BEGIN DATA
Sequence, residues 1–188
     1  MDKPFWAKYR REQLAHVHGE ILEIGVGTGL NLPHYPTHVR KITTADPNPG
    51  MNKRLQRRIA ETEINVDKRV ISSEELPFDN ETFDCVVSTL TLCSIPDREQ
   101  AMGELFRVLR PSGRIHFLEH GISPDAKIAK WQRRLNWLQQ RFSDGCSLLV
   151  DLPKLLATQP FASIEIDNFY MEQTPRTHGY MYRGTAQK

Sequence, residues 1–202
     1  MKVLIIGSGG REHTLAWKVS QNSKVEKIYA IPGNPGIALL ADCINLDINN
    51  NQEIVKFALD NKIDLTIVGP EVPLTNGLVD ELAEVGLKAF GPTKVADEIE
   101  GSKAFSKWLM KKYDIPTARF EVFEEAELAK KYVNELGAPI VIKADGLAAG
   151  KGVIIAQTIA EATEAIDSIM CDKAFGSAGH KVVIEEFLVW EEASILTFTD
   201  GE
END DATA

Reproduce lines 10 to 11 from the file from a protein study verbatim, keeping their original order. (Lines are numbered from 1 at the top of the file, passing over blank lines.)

   151  KGVIIAQTIA EATEAIDSIM CDKAFGSAGH KVVIEEFLVW EEASILTFTD
   201  GE